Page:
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Carbon monoxide inhalation decreased lung injury via anti-inflammatory and anti-apoptotic effects in brain death rats.

Authors: Zhou, H  Liu, J  Pan, P  Jin, D  Ding, W  Li, W 
Citation: Zhou H, etal., Exp Biol Med (Maywood). 2010 Oct 1;235(10):1236-43. Epub 2010 Sep 1.
Pubmed: (View Article at PubMed) PMID:20810760
DOI: Full-text: DOI:10.1258/ebm.2010.010147

Brain death (BD) induces acute lung injury and makes donor lungs unfit for transplantation. Carbon monoxide (CO) inhalation at 50-500 ppm exerts anti-inflammatory and anti-apoptosis effects in several lung injury models. We examined whether CO inhalation would show favorable effects on lung injury in BD rats. BD rats inhaled 250 ppm CO for two hours. Inhalation decreased the severity of lung injury, as checked by histological examination. CO treatment reversed aggravation in PaO(2)/FiO(2), base excess and pH of BD rats. CO inhalation downregulated the pro-inflammatory cytokines (tumor necrosis factor-alpha, interleukin-6), and inhibited activity of myeloperoxidase in lung tissue. Inhalation significantly decreased cell apoptosis of lungs, and inhibited mRNA expression of intercellular adhesion molecule-1 and caspase-3 in the lungs. Further, the inhalation activated phosphorylation of p38 expression and inhibited phosphorylation of extracellular signal-regulated kinase expression in the lungs. In conclusion, CO exerts potent protective effects on lungs from BD rats, exhibiting anti-inflammatory and anti-apoptosis functions by modulating the mitogen-activated protein kinase signal transduction.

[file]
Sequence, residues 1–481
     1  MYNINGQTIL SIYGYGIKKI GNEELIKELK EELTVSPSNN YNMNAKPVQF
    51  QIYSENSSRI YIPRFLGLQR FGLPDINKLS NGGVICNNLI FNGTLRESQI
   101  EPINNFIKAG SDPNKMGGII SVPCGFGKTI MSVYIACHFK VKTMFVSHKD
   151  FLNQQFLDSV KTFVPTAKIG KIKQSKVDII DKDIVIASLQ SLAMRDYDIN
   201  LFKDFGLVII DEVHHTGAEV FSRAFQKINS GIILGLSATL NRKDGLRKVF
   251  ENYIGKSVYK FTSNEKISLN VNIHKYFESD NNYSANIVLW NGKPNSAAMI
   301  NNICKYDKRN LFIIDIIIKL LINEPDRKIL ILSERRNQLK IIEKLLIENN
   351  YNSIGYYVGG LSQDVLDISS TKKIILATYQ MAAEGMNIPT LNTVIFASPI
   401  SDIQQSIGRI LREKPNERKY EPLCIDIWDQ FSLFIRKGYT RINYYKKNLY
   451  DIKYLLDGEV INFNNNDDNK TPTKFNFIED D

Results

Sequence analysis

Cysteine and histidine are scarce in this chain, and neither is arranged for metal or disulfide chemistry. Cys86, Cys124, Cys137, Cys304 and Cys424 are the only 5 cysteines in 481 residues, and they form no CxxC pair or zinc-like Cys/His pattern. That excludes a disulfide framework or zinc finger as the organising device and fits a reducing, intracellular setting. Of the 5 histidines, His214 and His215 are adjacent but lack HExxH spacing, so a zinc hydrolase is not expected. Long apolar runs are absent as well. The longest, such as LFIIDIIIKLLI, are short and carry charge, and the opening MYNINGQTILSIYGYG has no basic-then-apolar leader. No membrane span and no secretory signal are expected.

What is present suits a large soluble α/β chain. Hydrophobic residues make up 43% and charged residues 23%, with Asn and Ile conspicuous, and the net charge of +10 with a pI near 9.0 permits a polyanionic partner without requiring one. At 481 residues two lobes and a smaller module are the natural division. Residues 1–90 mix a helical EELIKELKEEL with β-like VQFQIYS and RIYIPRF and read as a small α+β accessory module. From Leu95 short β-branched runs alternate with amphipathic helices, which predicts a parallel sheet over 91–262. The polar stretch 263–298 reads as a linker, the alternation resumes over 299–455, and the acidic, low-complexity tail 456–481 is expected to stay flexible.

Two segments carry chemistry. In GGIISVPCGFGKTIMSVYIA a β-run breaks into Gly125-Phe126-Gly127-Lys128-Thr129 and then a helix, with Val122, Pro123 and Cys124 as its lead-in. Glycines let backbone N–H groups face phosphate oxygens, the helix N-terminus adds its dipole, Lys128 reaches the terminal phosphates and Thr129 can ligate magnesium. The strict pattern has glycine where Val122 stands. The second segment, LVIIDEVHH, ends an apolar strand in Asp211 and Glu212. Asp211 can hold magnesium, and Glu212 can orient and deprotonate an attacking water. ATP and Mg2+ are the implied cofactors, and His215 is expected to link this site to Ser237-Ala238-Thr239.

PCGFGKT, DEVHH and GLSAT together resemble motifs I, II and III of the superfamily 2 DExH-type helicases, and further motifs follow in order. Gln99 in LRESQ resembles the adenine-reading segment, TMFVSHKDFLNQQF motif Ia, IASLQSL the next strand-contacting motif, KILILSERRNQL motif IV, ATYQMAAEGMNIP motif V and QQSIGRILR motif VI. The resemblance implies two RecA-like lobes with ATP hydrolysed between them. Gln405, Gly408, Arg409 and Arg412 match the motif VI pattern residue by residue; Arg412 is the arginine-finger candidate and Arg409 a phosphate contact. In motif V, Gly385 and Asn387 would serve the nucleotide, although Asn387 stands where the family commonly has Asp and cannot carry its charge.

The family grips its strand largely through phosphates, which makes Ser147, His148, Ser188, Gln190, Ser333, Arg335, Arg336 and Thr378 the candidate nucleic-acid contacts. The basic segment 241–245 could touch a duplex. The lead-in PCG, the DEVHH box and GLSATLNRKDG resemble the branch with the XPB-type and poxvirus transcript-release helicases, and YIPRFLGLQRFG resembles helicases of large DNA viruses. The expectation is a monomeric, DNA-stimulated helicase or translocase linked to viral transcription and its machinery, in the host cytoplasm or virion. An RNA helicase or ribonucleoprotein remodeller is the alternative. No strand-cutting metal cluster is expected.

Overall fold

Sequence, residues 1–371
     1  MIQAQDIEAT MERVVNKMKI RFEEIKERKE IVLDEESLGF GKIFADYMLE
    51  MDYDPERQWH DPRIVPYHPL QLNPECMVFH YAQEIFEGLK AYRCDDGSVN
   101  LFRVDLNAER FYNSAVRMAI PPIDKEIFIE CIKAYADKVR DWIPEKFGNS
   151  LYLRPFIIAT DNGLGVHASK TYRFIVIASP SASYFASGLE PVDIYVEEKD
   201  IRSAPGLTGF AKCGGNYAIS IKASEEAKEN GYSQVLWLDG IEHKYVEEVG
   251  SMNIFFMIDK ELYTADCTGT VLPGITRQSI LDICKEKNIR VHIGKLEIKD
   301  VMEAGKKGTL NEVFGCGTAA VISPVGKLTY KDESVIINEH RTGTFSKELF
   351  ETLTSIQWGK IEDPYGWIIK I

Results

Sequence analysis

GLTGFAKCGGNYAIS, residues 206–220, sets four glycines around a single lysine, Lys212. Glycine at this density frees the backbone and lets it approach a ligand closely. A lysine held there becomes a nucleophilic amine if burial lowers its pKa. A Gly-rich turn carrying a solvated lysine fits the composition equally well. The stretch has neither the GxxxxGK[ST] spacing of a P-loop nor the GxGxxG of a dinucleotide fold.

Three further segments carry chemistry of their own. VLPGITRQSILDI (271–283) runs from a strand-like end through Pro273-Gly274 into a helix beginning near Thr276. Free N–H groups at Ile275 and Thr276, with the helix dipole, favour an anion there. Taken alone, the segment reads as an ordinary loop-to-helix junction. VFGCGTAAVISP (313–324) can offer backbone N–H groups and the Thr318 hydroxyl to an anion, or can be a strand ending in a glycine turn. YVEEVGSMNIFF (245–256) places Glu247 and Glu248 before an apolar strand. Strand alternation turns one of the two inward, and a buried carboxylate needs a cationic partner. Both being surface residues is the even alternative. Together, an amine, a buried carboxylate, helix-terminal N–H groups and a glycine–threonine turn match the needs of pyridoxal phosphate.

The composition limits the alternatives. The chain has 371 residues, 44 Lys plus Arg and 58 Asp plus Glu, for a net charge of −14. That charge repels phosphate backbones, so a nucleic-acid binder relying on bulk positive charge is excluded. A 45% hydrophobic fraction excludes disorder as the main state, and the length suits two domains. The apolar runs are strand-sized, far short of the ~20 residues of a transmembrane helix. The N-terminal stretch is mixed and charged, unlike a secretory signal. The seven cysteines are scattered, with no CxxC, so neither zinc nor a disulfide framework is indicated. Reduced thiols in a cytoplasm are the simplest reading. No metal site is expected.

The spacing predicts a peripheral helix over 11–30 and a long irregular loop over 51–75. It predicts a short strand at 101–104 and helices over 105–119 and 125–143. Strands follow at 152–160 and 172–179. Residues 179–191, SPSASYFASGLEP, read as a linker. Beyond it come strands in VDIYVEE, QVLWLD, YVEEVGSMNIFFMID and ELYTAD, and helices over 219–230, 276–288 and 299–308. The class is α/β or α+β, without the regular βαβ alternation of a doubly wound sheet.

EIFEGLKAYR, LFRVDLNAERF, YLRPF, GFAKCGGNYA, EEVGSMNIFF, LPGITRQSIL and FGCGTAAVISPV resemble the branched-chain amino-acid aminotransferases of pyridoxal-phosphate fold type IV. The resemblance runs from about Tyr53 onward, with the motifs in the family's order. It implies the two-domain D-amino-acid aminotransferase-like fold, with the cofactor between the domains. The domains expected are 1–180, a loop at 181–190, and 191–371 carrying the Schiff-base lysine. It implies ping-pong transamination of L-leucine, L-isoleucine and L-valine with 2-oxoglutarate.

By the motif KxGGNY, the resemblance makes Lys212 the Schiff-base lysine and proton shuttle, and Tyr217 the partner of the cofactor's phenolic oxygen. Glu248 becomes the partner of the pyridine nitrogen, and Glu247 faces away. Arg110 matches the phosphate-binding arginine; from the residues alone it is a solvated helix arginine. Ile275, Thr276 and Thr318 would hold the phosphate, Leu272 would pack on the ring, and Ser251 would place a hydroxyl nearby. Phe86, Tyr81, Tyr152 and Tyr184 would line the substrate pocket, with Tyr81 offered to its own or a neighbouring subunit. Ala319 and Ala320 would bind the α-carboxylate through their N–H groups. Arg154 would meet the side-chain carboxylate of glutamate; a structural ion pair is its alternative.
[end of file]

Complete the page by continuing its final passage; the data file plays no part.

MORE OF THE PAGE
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CRRD Object Information
CRRD ID: 4145365
Created: 2010-11-02
Species: All species
Last Modified: 2010-11-02
Status: ACTIVE



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RGD is funded by grant HL64541 from the National Heart, Lung, and Blood Institute on behalf of the NIH.